Hi, my name is Jacqui and I am the Business Director at Royal Far West.
What is your role at RFW?
My role as the Business Director at Royal Far West involves many of the commercial aspects of the charity, most importantly securing funding to allow us to deliver more services to more country kids, including from government, philanthropy, corporates and individual donors. At the same time the role is accountable for growing our brand and championing country kids by advocating for systems change that will improve access to services in rural and remote areas.
How long have you been here?
I have been at Royal Far West for three and a half years and in that time, I have witnessed a huge increase in demand for our services. I have also observed an increase in the complexity of kids attending the service. Many factors contribute to this but the drought, bushfires and now COVID-19 are exacerbating stressors on families that can have adverse impacts on children.
What do you think makes RFW unique?
Royal Far West is unique in several ways, primarily because we are the only charity dedicated to the health and wellbeing of country children. What I find most compelling however, is how we go about doing that. We often use the phrase “no distance too far”. Although that relates to geography, in my experience it is also a reflection on our commitment to every single child and family to leave no stone unturned when it comes to delivering the best possible outcomes. We also punch above our weight—as a charity and as a health service. We deliver the only one-stop shop developmental assessment and diagnosis program in the state—and possibly Australia—and we are not frightened to go to the hardest places. One of our proudest partnerships is with Marninwartikura Women’s Resource Centre in Fitzroy Crossing WA, which is around 4,000 km from our base in Manly. Someone once referred to RFW as “humanity with smarts”. I think that about sums it up.
Tell us about a project you’ve been working on recently…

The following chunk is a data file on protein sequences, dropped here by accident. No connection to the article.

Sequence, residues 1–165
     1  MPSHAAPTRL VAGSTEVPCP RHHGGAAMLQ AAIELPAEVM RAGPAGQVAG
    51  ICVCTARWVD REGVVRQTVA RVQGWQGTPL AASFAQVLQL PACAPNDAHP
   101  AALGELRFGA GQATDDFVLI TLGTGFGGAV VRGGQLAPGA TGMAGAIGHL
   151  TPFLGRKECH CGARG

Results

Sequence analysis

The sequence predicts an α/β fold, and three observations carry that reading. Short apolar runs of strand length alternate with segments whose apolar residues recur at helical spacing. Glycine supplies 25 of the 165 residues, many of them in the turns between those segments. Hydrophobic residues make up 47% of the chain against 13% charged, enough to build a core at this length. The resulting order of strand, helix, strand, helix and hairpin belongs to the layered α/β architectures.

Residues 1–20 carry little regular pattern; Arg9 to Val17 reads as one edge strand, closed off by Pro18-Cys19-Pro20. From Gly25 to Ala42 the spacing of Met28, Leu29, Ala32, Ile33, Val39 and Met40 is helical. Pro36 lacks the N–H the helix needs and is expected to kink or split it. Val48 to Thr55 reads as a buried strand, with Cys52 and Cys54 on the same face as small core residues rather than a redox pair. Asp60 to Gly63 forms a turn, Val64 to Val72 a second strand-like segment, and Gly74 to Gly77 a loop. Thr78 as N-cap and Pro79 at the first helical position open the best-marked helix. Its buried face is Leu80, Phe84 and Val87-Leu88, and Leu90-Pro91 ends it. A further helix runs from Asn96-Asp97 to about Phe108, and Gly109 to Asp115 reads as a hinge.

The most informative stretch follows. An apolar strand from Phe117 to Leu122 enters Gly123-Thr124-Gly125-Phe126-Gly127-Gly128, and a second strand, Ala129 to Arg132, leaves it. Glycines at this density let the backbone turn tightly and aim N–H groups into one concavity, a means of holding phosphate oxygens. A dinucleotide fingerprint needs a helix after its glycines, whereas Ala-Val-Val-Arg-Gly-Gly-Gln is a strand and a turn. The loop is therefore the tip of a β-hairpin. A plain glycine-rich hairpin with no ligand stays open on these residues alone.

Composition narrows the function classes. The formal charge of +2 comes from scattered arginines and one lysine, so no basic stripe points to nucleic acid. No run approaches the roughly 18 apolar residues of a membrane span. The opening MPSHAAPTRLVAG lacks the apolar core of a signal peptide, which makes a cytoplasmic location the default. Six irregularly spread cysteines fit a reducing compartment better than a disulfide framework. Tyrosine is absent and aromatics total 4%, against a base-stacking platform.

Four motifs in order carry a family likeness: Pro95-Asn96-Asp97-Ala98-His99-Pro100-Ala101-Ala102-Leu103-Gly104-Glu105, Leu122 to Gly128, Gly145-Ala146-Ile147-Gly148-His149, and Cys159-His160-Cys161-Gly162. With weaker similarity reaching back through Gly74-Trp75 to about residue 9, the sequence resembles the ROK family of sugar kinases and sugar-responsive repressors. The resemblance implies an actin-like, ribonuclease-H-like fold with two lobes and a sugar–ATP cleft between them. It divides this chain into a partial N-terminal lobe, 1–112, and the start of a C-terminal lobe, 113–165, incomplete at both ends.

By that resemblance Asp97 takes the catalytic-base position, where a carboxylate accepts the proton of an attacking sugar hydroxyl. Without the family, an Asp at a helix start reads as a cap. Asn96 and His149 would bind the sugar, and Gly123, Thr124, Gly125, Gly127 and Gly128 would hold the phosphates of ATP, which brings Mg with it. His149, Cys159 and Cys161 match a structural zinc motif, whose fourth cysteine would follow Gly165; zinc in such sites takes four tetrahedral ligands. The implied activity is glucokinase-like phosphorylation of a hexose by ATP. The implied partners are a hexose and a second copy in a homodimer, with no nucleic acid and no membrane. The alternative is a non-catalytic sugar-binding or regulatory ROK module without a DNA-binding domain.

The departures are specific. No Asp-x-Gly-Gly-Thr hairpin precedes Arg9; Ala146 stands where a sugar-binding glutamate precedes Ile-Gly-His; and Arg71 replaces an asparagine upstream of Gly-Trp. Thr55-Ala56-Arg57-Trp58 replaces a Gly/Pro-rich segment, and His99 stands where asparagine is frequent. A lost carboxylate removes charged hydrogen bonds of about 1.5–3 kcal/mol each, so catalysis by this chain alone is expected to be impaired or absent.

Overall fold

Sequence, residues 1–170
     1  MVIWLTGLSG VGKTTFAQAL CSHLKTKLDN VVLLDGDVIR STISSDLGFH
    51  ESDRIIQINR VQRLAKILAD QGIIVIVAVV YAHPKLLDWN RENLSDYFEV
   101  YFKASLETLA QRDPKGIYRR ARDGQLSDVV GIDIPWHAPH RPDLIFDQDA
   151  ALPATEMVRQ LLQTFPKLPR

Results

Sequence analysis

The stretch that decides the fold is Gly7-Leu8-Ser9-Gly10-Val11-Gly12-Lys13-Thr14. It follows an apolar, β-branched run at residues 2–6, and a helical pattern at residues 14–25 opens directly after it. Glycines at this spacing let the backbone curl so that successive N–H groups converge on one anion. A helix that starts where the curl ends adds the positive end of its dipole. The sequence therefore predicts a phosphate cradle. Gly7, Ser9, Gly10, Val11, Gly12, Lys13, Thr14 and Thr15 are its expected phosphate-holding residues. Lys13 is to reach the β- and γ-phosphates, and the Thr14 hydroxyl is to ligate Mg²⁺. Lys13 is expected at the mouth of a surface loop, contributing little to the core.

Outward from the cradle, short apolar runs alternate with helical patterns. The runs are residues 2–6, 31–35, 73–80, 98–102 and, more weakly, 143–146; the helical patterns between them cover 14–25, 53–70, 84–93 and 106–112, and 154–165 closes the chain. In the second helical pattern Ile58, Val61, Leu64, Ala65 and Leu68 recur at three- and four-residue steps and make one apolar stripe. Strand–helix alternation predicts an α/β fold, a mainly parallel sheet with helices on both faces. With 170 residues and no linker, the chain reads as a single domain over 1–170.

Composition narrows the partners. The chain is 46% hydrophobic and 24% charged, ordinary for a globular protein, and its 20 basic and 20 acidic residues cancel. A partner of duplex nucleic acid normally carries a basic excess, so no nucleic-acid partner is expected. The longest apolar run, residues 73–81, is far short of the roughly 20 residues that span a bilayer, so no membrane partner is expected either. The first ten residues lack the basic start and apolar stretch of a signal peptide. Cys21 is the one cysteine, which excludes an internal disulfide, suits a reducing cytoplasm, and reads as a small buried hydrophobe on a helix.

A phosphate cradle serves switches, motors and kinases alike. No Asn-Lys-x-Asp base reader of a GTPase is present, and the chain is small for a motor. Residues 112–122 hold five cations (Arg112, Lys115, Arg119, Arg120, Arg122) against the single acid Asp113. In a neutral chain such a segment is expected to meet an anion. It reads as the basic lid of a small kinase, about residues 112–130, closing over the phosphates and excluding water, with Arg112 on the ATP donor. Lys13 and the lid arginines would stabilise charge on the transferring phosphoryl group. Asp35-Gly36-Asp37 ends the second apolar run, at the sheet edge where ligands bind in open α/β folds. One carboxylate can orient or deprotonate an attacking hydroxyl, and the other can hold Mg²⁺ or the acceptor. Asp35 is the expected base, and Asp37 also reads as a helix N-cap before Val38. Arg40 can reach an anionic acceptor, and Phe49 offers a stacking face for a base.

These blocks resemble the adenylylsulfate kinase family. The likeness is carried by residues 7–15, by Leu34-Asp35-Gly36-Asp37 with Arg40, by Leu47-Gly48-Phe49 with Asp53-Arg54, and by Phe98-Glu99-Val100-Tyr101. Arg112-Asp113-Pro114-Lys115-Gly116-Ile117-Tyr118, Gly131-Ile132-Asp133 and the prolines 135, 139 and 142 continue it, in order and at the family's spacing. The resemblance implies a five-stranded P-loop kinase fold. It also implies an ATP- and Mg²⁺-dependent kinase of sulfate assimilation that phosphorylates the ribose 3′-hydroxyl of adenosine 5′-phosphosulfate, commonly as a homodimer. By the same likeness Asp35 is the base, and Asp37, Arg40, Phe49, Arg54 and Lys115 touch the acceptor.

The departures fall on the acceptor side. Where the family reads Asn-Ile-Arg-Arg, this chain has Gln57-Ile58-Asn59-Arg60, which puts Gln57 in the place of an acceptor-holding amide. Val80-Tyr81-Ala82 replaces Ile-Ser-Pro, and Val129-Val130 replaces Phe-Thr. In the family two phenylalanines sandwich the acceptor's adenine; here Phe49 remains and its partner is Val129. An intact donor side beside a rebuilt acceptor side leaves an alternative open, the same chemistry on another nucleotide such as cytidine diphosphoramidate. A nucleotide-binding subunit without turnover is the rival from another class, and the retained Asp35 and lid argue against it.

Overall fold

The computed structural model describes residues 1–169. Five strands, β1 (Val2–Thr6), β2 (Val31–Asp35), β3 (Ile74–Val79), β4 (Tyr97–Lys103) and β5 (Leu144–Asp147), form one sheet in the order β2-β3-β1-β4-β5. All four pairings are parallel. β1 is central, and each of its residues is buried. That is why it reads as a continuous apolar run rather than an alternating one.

I am very fortunate to lead an amazing team who have put together a community led response to the 2019/2020 bushfire season.
We can deliver a world’s best practice response because of our innovative partnership with UNICEF Australia, who secured funding to support bushfire affected communities. This builds on our deep relationships within these communities based on decades of care and support. Our goal is to minimise the long-term adverse impacts of the disaster on the children in those communities. I visited several of these communities earlier this year and was amazed by their tenacity and resilience, however they were very clear with us that they needed and wanted help beyond the emergency response. The road to recovery will be a long one, so we will continue to stand alongside these country communities as we have done for almost 100 years.
What’s the best thing about working with families from rural and remote Australia?
The families we meet in Manly and in community always inspire me with their courage and their dedication to get the best help for their kids. They are not asking for hand outs just a hand up. It is hard when you are born and bred in the city to understand the challenges of remoteness and drought and all that comes with it. When families tell us, “you saved our family”; “you saved my child”; “we now have hope”, it is humbling and always a good reminder about why we do what we do. Ultimately it is all about the kids.
Find out more from Jacqui about how you can support our Bushfire Response Program.
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